"Thank God for Mississippi." My daughter-in-law, Laura, a
Masters-level microwave engineer, grew up in Pine Bluff, Ark., and
introduced me to this oft-repeated lament.
"When an Arkie says, 'Thank God for Mississippi,' it is an
expression of exasperation, an admission that we have once again,
despite our best efforts, managed to fail utterly. We're not the
bottom of the barrel. We're the dust that has settled on the bottom
of the barrel. We're almost envious of Mississippi. When you're
rock bottom, you can at least pretend it's because you don't care
about the rankings. When you're next to the last it implies that
you tried and blew it. Next to last is a spread-eagle bellyflop off
a 10-meter board."
According to the Memphis Commercial Appeal (April 5, 2012),
Mississippi just "dramatically rais[ed] the pay" of its judges and
prosecutors. When adjusted for inflation, Mississippi trial court
judges' pay was ranked 42nd in the nation. And that was
before the recent salary increase. Massachusetts trial court
judges' pay ranked 47th in the nation -- five slots
lower than Mississippi. One can almost hear them in Jackson and
Biloxi, proclaiming, "Thank God for Massachusetts."
Consider the inflation-adjusted salaries of trial court judges in
these Southern states:
West Virginia: 24th
South Carolina: 25th
North Carolina: 30th
Arkansas, the state that made a wild pig its university mascot and
where the fans scream "soo eee" at football games, is ranked eighth
in the nation for the salaries it pays its trial judges. Here in
Massachusetts, we like to call our capital city "The Hub" and to
proclaim innate, inherited greatness in comparison to the vast
cultural desert that makes up the rest of the country.
Massachusetts has the best universities and colleges, the best
hospitals, the best professional sports teams, and so on.
Nevertheless, we certainly do not treat our judges as "the best."
Instead, we treat them as second-class citizens.
Rankings, of course, do not speak directly to the issue that
should concern every citizen in the commonwealth; viz., will the
salaries offered to our judges and the methods that we adopt to
keep those salaries in line with the high cost of living in the
state attract and keep the very best lawyers to our courts? The
facts on the ground do not create a sense of comfort and
In its report of June 20, 2008, the Compensation Advisory Board
chaired by Paul Guzzi (president and chairman of the Greater Boston
Chamber of Commerce) stated, "The evidence presented to and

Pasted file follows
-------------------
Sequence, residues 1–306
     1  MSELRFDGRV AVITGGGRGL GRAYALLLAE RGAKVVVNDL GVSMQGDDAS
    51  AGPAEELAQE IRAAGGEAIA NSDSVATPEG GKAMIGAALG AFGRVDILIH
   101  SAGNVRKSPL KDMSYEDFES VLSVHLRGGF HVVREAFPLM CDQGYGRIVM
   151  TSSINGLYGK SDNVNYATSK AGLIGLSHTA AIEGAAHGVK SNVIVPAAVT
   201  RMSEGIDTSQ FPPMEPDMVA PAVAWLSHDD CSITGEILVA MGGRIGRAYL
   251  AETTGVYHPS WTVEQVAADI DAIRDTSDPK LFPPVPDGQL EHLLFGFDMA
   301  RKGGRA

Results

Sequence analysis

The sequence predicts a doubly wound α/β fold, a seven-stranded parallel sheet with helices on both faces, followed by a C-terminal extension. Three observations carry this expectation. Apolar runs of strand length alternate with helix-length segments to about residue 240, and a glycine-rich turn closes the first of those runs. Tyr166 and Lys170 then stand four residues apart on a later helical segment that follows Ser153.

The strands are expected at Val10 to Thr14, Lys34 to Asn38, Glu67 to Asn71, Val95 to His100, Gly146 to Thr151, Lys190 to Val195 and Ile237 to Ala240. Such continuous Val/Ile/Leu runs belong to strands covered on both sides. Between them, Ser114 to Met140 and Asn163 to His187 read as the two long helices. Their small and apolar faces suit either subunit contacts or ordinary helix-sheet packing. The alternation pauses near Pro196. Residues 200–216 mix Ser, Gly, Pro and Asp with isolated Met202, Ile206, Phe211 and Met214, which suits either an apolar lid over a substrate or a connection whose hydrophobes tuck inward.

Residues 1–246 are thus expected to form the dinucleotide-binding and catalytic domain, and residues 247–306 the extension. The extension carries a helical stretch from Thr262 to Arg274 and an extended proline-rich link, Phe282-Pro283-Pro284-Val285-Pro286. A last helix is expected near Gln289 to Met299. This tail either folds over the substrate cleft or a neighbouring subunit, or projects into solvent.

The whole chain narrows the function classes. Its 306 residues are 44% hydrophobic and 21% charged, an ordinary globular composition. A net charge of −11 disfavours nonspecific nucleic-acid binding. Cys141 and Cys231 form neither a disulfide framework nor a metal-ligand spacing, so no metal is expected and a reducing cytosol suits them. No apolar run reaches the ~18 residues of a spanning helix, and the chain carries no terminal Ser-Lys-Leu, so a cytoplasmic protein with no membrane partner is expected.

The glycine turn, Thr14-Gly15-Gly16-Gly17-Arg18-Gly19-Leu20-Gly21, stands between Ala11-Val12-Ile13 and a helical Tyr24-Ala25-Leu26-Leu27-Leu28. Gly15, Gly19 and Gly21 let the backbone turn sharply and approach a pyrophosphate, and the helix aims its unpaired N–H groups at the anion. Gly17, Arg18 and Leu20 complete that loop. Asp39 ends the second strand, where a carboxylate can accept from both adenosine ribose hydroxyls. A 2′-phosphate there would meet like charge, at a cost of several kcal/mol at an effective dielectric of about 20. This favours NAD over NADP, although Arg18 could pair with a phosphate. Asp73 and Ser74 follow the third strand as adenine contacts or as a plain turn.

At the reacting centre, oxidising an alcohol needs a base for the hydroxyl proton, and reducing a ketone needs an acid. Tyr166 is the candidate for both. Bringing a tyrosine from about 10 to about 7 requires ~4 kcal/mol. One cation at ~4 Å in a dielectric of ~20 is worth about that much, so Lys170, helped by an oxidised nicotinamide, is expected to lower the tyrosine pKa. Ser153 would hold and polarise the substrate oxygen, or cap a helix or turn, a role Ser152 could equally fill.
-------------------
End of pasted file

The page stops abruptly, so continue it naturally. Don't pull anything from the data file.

gathered by the Board makes a compelling case for increasing the
salaries of Massachusetts judges." The Compensation Advisory Board
also found that judicial salaries (and the method of keeping those
salaries current with the extant cost of living) presented
obstacles in recruiting the most qualified candidates for the job.
It recommended increasing the salaries for Supreme Court justices,
Appellate Court judges, and Trial Court judges to $180,097,
$166,653, and $160,000, respectively. That recommendation was made
four years ago. Nothing happened.
Our judges last received a pay increase in 2006. The salary
increase prior to 2006 took place in 1998. That's right; our judges
have enjoyed a single pay increase in 14 years. How many ordinary
citizens would look favorably on a job where pay increases come
about in 14-year cycles and in fits and starts.
The Boston Herald posted a list of salaried state
employees on its website entitled "Your Tax Dollars at work: 2009
State Employee Payroll." The data can be rank-ordered, such that one can review the salaries
from highest paid to lowest paid. For example, the first two
individuals listed are University of Massachusetts employees:
Associate Dean Derek Lovley and Chancellor Michael Collins of the
Medical School. Their 2008 earnings were listed at $613,065 and
$609,470, respectively. I know Dr. Collins and he is worth twice
that level of compensation for the unbelievable work that he does
for the commonwealth.
However, consider the fact that one must scroll to the
36th page of the rank-ordered list in order to find
previous Chief Justice Margaret H. Marshall and her salary
($151,000) and to the 43rd page to find then Associate
Justice Roderick L. Ireland's salary ($145,000). Community college
presidents and state police officials make considerably more than
our most senior judges do. I do not denigrate the important work
that these other state employees perform for us. But our judges
deal with our freedom, safety and well-being, and the proper care
of widows and orphans across an incredible spectrum of events and
circumstances. Likewise, they literally put their safety and
well-being on the line for us every day.
There is a joke often said on the golf course. It goes something
like this: "Why is it called 'golf?' Because the best four-letter
words were already taken." Work for unfair wages over extended
periods is a four-letter word. Our judges did not sign up for this
treatment. It is time for the Legislature and the governor to put
an end to this injustice, adopt the Compensation Advisory Board's
2008 recommendations, immediately increase judicial salaries to
fair and appropriate levels, and depoliticize the method of
adjusting salaries going forward.